Thursday, 24 November 2011


Where should I begin on this topic? I have been gathering research in the past week or so in order to present Twitter to my staff as a professional learning tool. I know I have to approach this subject just so, because the world of my teachers has been full of complexities this year. With highly diverse needs in the classroom, new reporting systems to address and the beginnings of a Professional Learning Community framework, there is a "bit" of tension in the school. So the first blog I read was Mark Brumley's "Twitter for the Professional Development: Ultra Beginner Edition." His description here is a very basic, easy to understand piece that I will share with my staff. Also mentioned are Tweetdeck (which I have not yet used, but will check into).
Next, I found some rationale for joining Twitter. I know that my staff always require rationale for trying something new so this was a "must find." Peter DeWitt's article, "Why Educators Should Join Twitter" gives compelling reasons including:
1. the ability to make connections with other educators. For example, checking out the hashtag, #elemchat, will show educators from around the world posting information interesting to an elementary teacher. (I checked this out and found many, many interesting links to check out: just doing this alone is invaluable).
2. Our students today live with Twitter and Facebook. While this is "hard" work for us, we need to know the world our students live in.
3. Many organizations will share resources on Twitter that you may not find elsewhere.
4.There is so much out there in cyberspace that you could never find all of this on your own, so Twitter brings many resources to one place for professional development
5. Free PD. In this time of fiscal restraint, PD dollars are few. What a way to get PD for no money! Your administrator will love you!

Next, I found an article, "How to Use Twitter to Grow Your PLN" by Betty Ray This is a wonderful listing of hashtags to follow or search and chat times for a variety of topics. This is something I have yet to do but once this course is over, I may have time to do this.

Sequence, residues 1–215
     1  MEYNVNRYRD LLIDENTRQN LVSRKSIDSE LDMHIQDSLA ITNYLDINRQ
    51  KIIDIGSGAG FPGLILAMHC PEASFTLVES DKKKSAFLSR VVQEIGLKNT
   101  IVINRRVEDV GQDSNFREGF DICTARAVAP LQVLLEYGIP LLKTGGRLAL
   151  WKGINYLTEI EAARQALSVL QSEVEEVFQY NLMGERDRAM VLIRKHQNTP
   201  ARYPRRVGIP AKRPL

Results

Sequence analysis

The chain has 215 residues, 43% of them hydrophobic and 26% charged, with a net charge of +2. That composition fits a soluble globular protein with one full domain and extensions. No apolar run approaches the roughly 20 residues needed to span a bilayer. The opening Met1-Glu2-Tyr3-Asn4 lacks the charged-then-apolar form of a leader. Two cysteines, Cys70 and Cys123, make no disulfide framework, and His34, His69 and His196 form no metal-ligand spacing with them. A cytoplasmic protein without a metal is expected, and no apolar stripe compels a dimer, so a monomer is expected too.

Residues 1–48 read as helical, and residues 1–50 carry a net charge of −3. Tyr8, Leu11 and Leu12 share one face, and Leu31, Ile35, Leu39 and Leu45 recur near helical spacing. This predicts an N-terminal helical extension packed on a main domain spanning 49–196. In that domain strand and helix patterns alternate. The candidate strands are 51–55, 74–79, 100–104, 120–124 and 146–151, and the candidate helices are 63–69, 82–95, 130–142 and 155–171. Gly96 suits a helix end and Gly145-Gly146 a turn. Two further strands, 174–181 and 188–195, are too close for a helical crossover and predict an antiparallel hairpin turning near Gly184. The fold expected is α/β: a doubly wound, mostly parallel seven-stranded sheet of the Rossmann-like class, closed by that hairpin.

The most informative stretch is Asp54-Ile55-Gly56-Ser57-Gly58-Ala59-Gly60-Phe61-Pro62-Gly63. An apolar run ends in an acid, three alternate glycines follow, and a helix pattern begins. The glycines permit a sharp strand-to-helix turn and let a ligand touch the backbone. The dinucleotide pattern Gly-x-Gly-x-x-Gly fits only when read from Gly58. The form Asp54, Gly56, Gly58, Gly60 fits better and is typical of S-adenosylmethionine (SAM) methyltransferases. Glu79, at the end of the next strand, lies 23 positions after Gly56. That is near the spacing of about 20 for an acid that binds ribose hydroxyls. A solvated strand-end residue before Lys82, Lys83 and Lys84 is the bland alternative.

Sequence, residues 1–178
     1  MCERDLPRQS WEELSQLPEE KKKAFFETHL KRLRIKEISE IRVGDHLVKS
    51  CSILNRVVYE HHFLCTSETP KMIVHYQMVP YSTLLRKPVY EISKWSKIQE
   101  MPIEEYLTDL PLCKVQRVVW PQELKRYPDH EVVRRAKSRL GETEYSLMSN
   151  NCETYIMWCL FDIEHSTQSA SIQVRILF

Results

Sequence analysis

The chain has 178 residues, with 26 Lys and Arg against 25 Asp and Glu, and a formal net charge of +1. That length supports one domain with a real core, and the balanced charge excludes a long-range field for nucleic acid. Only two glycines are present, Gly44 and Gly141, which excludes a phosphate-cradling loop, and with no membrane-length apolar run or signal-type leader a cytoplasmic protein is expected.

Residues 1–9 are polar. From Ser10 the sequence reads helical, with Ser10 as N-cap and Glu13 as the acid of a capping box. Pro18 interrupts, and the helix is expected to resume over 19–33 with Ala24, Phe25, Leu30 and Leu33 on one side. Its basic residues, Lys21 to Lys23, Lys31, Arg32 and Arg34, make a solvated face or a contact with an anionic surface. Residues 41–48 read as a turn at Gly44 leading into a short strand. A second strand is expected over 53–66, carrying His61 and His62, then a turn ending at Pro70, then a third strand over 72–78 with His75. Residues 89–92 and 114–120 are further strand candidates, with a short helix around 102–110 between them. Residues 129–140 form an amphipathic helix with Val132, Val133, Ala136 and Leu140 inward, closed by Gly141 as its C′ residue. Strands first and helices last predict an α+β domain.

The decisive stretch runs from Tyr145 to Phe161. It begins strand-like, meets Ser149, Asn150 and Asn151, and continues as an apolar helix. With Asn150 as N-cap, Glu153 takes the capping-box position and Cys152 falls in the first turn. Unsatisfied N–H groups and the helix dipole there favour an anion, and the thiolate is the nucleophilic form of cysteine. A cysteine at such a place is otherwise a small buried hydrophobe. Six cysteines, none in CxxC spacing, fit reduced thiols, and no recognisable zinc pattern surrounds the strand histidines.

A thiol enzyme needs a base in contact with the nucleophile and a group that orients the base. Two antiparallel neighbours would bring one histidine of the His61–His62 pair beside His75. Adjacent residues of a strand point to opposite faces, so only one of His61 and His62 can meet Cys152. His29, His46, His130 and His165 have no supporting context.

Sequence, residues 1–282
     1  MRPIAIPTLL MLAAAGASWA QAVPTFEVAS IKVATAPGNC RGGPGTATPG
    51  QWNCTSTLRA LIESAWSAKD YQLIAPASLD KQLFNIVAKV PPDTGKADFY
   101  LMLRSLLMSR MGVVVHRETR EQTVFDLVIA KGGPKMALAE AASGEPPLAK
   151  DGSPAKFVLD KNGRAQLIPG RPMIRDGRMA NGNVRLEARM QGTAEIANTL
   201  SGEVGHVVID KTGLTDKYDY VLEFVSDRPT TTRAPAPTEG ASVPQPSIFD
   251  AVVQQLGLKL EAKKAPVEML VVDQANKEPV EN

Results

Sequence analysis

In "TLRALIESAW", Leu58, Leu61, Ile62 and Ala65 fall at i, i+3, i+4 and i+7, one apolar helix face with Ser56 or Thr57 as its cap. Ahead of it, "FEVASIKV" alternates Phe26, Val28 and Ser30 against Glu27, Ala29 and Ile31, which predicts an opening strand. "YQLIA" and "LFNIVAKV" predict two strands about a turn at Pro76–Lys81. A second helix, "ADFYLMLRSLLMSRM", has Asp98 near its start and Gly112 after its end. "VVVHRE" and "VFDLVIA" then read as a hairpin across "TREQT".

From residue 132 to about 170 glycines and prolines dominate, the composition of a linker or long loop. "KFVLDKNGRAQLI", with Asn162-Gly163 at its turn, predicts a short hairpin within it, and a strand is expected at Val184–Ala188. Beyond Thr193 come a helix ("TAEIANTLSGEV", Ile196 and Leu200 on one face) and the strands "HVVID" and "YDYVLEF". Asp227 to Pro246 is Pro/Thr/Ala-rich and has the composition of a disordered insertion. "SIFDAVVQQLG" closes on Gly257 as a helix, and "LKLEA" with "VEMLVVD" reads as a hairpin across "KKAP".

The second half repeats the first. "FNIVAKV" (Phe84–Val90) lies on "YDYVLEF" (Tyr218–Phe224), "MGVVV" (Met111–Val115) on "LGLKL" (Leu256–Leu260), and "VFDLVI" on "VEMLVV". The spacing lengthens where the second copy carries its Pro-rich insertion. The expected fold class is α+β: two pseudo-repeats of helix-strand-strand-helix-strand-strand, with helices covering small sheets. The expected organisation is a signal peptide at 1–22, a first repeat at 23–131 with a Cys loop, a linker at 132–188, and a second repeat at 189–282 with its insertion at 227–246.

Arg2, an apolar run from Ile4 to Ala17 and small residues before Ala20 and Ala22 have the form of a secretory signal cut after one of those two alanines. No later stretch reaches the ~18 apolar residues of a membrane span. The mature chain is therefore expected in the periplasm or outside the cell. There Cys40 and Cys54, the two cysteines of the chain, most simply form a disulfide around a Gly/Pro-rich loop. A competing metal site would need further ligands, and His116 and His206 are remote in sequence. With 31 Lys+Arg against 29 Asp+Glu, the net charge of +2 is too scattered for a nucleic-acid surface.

Then, I found a short article, "5 Ways to Engage Others Using Twitter" by J. Robinson. This post gives suggestions of how to engage your readers without boring them with day to day details of "I went for lunch" or "I ate oatmeal for breakfast" because, really, who cares? I like the idea of answering a tweet with a question to keep the dialogue going or to post a thoughtful or provocative quote. Better yet, Robinson says to post about something controversial to get a conversation going.

Karen Bromley describes a new world of writing as "digital events that occur worldwide. They include word processing, email, blogging, twittering, and text messaging on the Internet, cell phones, smartphones, and PDA's" (2010, p. 98)

Clearly, educators need to get with the "program" so to speak and learn this fascinating world of Twitter, if not to understand the world of their students, but to glean valuable professional learning in less than 140 characters. My personal journey with Twitter has been ever so enlightening. I have learned SOOOOO much since reading my Twitter account on a regular basis. My two challenges or goals I set at this point are to:
a) get my staff on fire to set up Twitter accounts (I am presenting this on the 1st of December so I will fill you in)
b) begin to contribute to the Twitter world in order to give back a portion of what I have gained in the past months.

Bromley, K.. (2010). Picture a world without Pens, Pencils, and Paper: The Unanticipated Future of Reading and Writing. Journal of College Reading and Learning, 41(1), 97-108. Retrieved November 24, 2011, from CBCA Education. (Document ID:2195054781).

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